Iravan, Son of Arjuna, Part Two


Aravan shrine, Sri Mariamman Temple
[ Photo courtesy PrettyKateMachine@Flikr ]

Dec 16, 2013 — CANADA (SUN) —

In Bhisma Parva, the sixth book of the epic Mahabharata, we find Arjuna exiled from Indraprastha and going on a one-year pilgrimage as penance for violating the terms of his marriage to Draupadi. When Arjuna reached the northeast regions he met and fell in love with Ulupi, a widowed Naga princess. The two married and she gave him a son who was named Iravan. Later on, however, Arjuna proceeded on with his pilgrimage, leaving Iravan and mother Ulupi behind in Nagaloka, the abode of the Nagas.

Iravan is described as being born parakshetre, or "in a region belonging to another person". In fact, he grew up in Nagaloka under the protection of his mother, but he was rejected by his maternal uncle because of the uncle's hatred for Arjuna. After reaching maturity, Iravan wished to reunite with his father, and he departed for Indraloka, the abode of the god Indra, who fathered Arjuna.

Iravan asked for Indra's help in fighting the Kurukshetra War. On the first day of the great battle Iravan fights a duel with Srutayush, a kshatriya king who had been a daitya named Krodhavasa in a previous life. Srutayush is later killed by Arjuna. On the seventh day of the battle, Iravan defeats Vinda and Anuvinda, the princes of Avanti, who are also killed later by Arjuna.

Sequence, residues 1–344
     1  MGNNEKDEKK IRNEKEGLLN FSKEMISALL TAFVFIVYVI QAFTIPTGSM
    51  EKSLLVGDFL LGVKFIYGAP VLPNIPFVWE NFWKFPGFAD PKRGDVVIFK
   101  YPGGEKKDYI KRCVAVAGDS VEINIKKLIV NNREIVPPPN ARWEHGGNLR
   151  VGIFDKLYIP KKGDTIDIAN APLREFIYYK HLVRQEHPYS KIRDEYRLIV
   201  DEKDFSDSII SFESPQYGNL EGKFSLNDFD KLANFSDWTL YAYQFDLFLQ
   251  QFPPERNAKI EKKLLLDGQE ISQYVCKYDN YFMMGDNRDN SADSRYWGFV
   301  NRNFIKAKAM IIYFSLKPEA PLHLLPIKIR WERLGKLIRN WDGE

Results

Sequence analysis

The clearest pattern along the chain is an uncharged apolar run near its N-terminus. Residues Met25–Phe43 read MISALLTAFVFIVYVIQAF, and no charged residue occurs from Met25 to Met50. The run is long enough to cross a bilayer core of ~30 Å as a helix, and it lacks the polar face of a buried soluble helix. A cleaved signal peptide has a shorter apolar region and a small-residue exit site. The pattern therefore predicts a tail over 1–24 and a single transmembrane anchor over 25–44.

Aravan shrine
[ Photo courtesy PrettyKateMachine@Flikr ]

On the eighth day of the war, Iravan fought the princes of Gandhara, the sons of King Suvala, and the younger brothers of Shakuni, the treacherous maternal uncle of the Kauravas. The brothers Gaya, Gavaksha, Vrishava, Charmavat, Arjava, and Suka all attacked Iravan, supported by the whole Kaurava army, but Iravan's army of Nagas slayed all but one of their opponents. Iravan, the "chastiser of foes"—versed in maya (illusion)—slayed five Gandhara princes in a sword fight; Vrishava alone escaped death.

Agitated by this reversal, the eldest Kaurava, Duryodhana, ordered the rakshasa (giant) Alamvusha (or Alambusha), son of Rishyasringa, to kill Iravan. This time Alambusha, as well as Iravan, use illusion in combat. Alambusha attacks Iravan with a bow but Iravan counters, breaking Alambusha's bow and slicing the giant into several pieces.

Alambusha's body, however, reconstitutes itself. Then Iravan assumes the form of the serpent Shesha, and his serpent army surrounds him with protection. Alambusha counters this by assuming the form of Garuda, the eternal foe of the serpents, and devours the serpent army.

Ultimately, Alambusha kills Iravan by cutting off his head, although Iravan is later avenged when Ghatotkacha, his cousin, finally kills the demon Alambusha.

Aravan procession - Draupadi cult

Devotees of the Draupadi cult commemorate these pastimes from the Battle of Kurukshetra by conducting an annual festival known as Patukalam. The festival usually begins with a kuttu (drama) re-enacting Draupadi's wedding. During the festival, the actor playing the part of Draupadi, along with other women participating in the public ceremonies, lament the death of Aravan and the other heroes of the great war. Wherever the ritual kalappali is performed, that place is declared to be, symbolically, the battlefield of Kurukshetra.

Sources: Srimad Bhagavatam, Mahabharata, Wiki


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